My secret France: Sunflowers, fig trees and renovation rows in northern Charente

In our new series, we're asking readers of The Local to shine a light on some hidden corners of France and share some knowledge of their local area and their life there. The Local France editor Emma Pearson leads the way by revealing some secrets about life in northern Charente.

My secret France: Sunflowers, fig trees and renovation rows in northern Charente
Rural Charente. Photo Photo: Venaratio/Depositphotos
Where in France do you live and how long have you lived there?
I actually live in Paris, but whenever I can I escape the metro boulot dodo of the city and go to my favourite bit of France – the Charente. The northern part of the Charente, near the town Ruffec (see map), is particularly lovely – rolling fields of maize and sunflowers dotted with hundreds of tiny little villages.
With a relatively central location, the Charente is well connected. Map: Google
What is the best thing about life in your part of France? 
The peace! It's beautiful and calm and if you want you can walk for miles without seeing anybody. But if you know where to look there's always something going on and a surprising amount of gossip (which discretion forbids me from mentioning here).
At the same time we're also well connected – just over two hours on the train from Paris or an hour and three quarters to La Rochelle or the Vendée coast, home of the best oysters in France.
And while we're not quite as sunny as the Languedoc or the Dordogne, the weather is generally pretty decent and it's possible to make the journey to the UK in a day if you want to. Property is cheap if you don't mind putting a bit of work in and once you're there you can find great bargains at the brocantes (vintage markets that are less expensive than antique markets but which offer a great selection of old furniture, household goods and clothes).
The lively city of La Rochelle, home of a good rugby team and a cliff diving championship, is nearby. Photo: AFP
What has been the highest point so far – the moment you knew you had made the right move? 
Hacking back the six foot jungle in the very overgrown garden to discover a fig tree – covered in perfectly ripe figs. Then picking the figs and eating them for dinner with goat's cheese and a bottle of white wine.
And the lowest point?
As anyone doing a renovation will know, passions can run high during a project and occasionally this can lead to screaming rows when neither of you understand the French fitting instructions for the very expensive windows you have just bought, one of which is broken. But we'll draw a veil over that little episode.
What is the one thing you wish you knew before you moved there?  
Sunday closing! Well I did know that this still exists in rural France, but I can't seem to retain the information and have had a few hungry Sundays. Fortunately the wine has never run out, that really would be a catastrophe. Also, if there's no boulangerie in your village, you need to buy twice as much bread as you think you do every time you visit the town.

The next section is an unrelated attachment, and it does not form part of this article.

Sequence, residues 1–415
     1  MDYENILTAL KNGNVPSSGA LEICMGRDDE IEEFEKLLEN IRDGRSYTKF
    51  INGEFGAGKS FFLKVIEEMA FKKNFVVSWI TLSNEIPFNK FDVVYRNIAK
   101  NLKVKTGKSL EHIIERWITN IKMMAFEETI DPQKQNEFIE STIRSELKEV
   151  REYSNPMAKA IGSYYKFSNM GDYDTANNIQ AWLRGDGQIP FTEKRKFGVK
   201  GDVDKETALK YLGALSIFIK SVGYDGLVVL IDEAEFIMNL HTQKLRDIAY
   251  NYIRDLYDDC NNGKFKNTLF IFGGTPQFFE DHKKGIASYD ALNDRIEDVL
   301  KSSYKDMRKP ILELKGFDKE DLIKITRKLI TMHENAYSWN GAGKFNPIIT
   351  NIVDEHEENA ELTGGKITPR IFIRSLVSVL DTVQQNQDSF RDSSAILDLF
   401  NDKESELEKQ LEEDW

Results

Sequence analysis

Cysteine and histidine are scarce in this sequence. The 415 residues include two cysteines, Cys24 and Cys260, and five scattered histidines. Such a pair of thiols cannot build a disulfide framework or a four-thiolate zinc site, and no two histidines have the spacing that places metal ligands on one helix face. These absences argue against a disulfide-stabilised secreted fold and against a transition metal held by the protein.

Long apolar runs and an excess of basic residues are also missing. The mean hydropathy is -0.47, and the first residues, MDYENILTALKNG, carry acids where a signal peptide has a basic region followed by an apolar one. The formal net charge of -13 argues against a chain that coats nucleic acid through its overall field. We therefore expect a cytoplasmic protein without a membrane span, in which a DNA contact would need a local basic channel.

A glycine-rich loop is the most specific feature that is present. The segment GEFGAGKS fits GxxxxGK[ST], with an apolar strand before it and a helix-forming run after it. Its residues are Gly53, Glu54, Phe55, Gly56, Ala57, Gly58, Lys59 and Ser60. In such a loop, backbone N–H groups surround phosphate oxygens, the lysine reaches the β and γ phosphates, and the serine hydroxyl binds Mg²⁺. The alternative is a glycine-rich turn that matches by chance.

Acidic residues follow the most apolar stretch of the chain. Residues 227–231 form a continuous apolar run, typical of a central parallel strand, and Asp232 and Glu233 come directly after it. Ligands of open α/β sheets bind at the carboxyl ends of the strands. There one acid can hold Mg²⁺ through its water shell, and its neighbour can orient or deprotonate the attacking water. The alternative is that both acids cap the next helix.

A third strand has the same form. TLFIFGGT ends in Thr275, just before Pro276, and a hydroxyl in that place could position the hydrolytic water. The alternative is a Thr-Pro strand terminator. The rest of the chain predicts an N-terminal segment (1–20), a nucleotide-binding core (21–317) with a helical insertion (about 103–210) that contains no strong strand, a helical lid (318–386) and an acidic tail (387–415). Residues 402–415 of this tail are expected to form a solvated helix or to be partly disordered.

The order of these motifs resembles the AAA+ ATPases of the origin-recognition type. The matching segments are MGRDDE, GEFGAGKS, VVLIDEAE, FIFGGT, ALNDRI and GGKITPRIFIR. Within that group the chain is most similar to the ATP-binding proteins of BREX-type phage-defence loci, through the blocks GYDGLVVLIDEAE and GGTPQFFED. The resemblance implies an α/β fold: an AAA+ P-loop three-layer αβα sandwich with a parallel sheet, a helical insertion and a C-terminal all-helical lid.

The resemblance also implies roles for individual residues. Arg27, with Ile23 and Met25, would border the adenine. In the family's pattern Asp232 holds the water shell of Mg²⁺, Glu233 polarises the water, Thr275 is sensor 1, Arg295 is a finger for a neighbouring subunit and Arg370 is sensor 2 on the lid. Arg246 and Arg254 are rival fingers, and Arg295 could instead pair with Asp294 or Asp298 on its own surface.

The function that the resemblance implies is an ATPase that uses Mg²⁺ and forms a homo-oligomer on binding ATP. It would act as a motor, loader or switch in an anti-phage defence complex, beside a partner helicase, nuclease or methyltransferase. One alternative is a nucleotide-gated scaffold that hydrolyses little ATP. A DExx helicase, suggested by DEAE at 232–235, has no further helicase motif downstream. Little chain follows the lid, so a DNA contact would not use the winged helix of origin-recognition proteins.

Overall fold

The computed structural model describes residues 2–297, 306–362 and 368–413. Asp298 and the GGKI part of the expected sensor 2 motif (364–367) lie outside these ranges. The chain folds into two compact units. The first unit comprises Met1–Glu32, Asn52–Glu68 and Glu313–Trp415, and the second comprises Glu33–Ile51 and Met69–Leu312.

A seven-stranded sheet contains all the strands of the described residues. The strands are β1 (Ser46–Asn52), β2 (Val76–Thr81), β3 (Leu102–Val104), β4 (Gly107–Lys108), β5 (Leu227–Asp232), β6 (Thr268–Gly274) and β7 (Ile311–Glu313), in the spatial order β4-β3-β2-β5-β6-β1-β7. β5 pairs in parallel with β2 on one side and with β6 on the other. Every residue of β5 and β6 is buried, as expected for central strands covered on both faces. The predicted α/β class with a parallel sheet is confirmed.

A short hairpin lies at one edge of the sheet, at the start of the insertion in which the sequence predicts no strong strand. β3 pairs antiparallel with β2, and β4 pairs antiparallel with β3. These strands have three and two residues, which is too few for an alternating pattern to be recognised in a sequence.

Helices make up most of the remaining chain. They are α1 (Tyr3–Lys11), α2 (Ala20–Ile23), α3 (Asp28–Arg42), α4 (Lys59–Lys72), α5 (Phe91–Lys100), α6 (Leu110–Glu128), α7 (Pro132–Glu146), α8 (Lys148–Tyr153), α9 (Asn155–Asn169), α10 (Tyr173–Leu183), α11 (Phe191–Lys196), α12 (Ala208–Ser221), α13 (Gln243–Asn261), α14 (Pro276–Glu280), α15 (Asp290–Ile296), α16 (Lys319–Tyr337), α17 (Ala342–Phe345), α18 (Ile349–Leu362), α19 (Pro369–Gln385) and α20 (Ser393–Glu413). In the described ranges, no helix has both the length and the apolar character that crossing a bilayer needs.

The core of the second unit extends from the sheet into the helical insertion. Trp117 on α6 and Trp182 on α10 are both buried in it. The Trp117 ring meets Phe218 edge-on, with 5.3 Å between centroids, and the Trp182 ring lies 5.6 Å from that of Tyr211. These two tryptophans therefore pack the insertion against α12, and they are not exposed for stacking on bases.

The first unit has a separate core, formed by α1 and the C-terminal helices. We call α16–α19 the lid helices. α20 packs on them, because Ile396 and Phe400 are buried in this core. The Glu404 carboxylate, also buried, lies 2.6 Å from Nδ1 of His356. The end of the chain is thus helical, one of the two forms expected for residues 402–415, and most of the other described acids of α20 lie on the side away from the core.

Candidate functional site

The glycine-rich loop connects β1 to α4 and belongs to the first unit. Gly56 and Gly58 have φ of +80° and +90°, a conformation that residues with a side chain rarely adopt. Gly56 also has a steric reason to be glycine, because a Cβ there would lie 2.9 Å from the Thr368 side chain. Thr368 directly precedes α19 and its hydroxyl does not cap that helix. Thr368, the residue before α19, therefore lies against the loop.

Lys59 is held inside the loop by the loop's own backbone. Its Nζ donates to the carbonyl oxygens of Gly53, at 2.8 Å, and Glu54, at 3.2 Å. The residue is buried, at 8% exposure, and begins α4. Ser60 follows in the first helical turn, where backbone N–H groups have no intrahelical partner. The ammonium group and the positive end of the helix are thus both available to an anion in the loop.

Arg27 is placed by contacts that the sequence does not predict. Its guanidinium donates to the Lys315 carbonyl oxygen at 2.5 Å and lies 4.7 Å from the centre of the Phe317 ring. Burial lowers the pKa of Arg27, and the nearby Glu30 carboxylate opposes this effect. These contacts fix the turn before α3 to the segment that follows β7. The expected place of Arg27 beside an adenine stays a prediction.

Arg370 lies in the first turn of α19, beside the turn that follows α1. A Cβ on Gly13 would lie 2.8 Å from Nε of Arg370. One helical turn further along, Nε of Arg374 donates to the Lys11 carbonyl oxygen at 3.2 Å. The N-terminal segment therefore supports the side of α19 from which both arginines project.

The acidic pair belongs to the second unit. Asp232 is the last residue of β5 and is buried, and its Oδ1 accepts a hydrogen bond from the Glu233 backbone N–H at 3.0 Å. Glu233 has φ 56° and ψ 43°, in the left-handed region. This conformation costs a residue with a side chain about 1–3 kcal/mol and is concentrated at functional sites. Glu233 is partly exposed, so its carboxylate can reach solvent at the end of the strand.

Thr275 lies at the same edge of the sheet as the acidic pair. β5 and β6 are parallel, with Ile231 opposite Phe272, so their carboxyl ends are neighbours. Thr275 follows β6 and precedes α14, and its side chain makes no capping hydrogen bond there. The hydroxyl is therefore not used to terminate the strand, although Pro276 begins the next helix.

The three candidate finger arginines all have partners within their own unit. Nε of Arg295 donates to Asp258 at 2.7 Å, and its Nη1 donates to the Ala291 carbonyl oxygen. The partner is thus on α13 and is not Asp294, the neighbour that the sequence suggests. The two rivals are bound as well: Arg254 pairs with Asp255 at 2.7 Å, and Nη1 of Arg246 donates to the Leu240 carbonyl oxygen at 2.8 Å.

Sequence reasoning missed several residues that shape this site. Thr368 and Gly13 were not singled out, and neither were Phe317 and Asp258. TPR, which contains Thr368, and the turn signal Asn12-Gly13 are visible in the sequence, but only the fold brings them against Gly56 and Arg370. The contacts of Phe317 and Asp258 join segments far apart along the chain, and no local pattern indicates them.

What is the best local restaurant? 
Auberge le Saint Jean in Nanteuil-en-Vallée and L'Etoile d'Or in Villefagnan.
And the best store or market?
Endless local brocante markets are a bargain-hunter's dream. 
And the best place to visit in the area?
It's actually just over the border in Haut-Vienne, but Oradour-sur-Glane is an extraordinary site – devastating, emotional, sobering and oddly beautiful. Everyone should go there at least once in their life. 
The 'martyred village' of Oradour-sur-Glane. Photo: AFP
What is your favourite local food or drink?
Pineau des Charente, a fortified wine generally served as an apéritif, is the perfect start to a meal, served chilled, but I also like it in winter, at room temperature, as an after-dinner digestif. We're generally spoiled for choice for booze in Charente, it's a wine growing region which means there are dozens of local wines to try and the town of Cognac is just down the road.
Tell us something about your part of France that people might not know?
It has one of the largest dinosaur excavation sites in Europe. Over the last 10 years, 7,500 bones from 56 different species have been excavated at the 140 million year old former marshland near Cognac.
Show us some photos of where you live:
The Chateau de Verteuil. It's magnificent and it also has an excellent tea shop. Photo:
Blue skies above the fields. A classic pic of Charente. Photo: Joe Taylor/Flickr
Get involved! We want readers to tell us about their corner of France. Simply fill in the questionnaire below and email photos to [email protected]

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